[BreachExchange] Maine attorney general reviews Portland survey of HIV patients for privacy violations
audrey at riskbasedsecurity.com
Thu Feb 15 18:50:52 EST 2018
The Maine Attorney General’s Office is reviewing whether the city of
Portland violated patient privacy laws when it recently gave the names and
contact information of more than 200 people previously enrolled in its
HIV-positive health care program to researchers at the University of
City officials apologized last week for not telling patients of the former
HIV-positive program at the India Street Public Health Center that it
planned to share their private health information, addresses and phone
numbers with USM’s Muskie School of Public Service.
However, city officials insisted that sharing the list wasn’t a formal
breach of HIPAA – the federal Health Insurance Portability and
Accountability Act, which aims to protect the privacy of personal health
information – because the law contains exemptions for research and program
Jenson Steel, a member of the health center’s patient advocacy committee,
said he contacted the Attorney General’s Office about the city’s action and
was informed that the office is looking into possible violations of federal
and state patient privacy laws.
“I can confirm that the Attorney General’s Office has received requests to
review the disclosure of identifiable HIV patient information,” office
spokesman Andrew Roth-Wells said in an email Tuesday. “The AG’s office will
be reviewing the requests.”
The city drew fire from patient advocates when it closed its federally
funded HIV-positive program at the India Street clinic in December 2016 and
transferred it to the private nonprofit Portland Community Health Center,
now called Greater Portland Health.
When a city analysis showed that only 33 of 229 patients in the program
moved to Greater Portland Health, the city decided to conduct a survey
through the Muskie School to get feedback on each patient’s experience.
CITY GIVES CONTACT LIST
The city has been wrangling with privacy concerns related to the survey for
at least three months.
Dr. Ann Lemire, former medical director at the India Street clinic, said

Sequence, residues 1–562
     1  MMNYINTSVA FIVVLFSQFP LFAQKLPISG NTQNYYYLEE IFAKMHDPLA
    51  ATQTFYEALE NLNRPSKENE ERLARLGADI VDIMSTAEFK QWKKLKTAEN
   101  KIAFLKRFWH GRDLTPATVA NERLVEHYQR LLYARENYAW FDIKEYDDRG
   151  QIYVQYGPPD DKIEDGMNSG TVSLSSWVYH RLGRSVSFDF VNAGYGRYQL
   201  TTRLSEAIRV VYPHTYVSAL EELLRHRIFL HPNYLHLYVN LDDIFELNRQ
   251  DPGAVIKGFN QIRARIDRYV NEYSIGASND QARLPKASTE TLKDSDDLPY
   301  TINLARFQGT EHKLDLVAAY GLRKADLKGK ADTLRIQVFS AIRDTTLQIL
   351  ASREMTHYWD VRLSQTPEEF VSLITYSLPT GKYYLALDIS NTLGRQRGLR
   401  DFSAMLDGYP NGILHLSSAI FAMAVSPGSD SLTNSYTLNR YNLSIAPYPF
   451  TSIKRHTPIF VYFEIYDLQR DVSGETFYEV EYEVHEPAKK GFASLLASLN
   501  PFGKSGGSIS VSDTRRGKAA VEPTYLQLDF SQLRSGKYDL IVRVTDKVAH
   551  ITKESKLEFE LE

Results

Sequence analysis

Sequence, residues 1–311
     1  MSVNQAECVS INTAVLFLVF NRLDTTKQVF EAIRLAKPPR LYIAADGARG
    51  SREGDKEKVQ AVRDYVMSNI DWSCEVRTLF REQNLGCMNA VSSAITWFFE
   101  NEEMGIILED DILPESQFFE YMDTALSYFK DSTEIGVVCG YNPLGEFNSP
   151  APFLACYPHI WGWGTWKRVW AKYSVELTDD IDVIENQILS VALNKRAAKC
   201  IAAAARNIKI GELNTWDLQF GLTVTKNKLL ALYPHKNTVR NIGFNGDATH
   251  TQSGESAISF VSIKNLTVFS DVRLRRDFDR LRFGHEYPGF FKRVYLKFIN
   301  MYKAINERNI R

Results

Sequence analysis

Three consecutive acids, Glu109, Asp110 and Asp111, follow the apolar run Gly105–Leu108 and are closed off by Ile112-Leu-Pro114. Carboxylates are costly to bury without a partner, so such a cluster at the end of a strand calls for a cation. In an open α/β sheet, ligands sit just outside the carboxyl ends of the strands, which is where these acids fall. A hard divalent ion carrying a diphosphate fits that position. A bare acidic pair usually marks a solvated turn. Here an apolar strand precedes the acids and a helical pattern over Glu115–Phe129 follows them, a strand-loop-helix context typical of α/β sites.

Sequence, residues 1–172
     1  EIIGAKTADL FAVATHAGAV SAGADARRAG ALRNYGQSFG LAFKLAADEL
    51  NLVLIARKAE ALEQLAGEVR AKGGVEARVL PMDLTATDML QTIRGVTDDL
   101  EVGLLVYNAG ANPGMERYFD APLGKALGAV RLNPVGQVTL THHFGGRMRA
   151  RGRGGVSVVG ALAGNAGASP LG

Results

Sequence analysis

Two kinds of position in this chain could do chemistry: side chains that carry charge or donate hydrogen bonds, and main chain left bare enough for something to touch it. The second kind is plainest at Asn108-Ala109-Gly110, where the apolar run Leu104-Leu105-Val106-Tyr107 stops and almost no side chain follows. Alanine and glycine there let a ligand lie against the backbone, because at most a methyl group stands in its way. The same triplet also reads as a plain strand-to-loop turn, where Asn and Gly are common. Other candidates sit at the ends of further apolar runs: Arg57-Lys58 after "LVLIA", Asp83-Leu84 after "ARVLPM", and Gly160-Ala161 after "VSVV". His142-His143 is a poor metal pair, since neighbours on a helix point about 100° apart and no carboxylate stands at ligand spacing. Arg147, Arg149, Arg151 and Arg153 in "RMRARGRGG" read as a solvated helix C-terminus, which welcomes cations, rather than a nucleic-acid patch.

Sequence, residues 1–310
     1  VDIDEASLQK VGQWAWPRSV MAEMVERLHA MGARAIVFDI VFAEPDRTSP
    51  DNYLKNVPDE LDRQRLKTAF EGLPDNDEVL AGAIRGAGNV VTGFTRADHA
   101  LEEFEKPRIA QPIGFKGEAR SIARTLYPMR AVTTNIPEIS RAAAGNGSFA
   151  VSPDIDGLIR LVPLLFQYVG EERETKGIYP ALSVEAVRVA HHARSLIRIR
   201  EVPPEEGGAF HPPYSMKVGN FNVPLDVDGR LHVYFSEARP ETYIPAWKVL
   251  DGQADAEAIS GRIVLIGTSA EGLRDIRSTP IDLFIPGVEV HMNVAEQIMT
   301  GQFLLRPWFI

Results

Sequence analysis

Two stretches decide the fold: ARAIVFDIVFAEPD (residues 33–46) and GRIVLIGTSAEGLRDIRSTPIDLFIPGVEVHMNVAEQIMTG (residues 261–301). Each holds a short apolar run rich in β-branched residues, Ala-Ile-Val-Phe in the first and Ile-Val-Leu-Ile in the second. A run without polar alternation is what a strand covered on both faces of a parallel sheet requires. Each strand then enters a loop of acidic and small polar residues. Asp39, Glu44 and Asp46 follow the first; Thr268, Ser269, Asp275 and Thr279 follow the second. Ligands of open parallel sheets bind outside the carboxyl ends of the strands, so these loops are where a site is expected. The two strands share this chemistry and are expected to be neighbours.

Tuesday that she was first asked on Sept. 11 to provide a contact list of
former patients for the survey. Lemire declined the request, she said, and
warned that providing such a list to the city would violate HIPAA.
To avoid violating privacy protections, Lemire said, the city should have
sought permission from patients before the program closed in order to
contact them for a follow-up survey. Who created the list and provided it
to Muskie School researchers remains unclear. A USM official said the
researchers were under the impression that the patients had authorized the
release of their information.
“My hope is the AG’s office will go after this HIPAA violation for all of
the patients who were affected,” Lemire said. “Some of them may not even be
aware that their information was shared.”
Former patients received the survey from the Muskie School with a cover
letter – dated Nov. 3 and addressed to “Participant” – indicating that the
city provided their contact information. A USM official said the
institution received the patient contact list in October, after it had
established guidelines for handling and protecting the information.
RESPONDING TO COMPLAINTS
The city suspended the survey after receiving two formal complaints,
including one filed Nov. 11, city officials said. The city then determined
that it had failed to secure a HIPAA-compliant business associate agreement
with USM before sharing patient information.
The city “corrected that technical deficiency” by executing a fully
HIPAA-compliant agreement with USM after the fact, including additional
privacy protections, city officials said.
Last week, after the Portland Press Herald started investigating patients’
privacy concerns, city officials said they planned to send survey
participants a five-page form letter from Dr. Kolawole Bankole, the city’s
public health director, who also is a member of the Muskie School’s public
health adjunct faculty.
In the letter, Bankole apologized that the city didn’t do a better job of
communicating with survey participants, but denied that it violated privacy
The letter also noted that the city was “implementing new and updated
policies and procedures for ensuring that our health care entities and
programs better communicate with patients regarding uses and disclosures of
their patients’ (protected health information) for these types of research,
program evaluation and business associate-related purposes going forward.”
City officials declined to provide documents related to the survey, which
they said was moving forward and expected to be completed in January.
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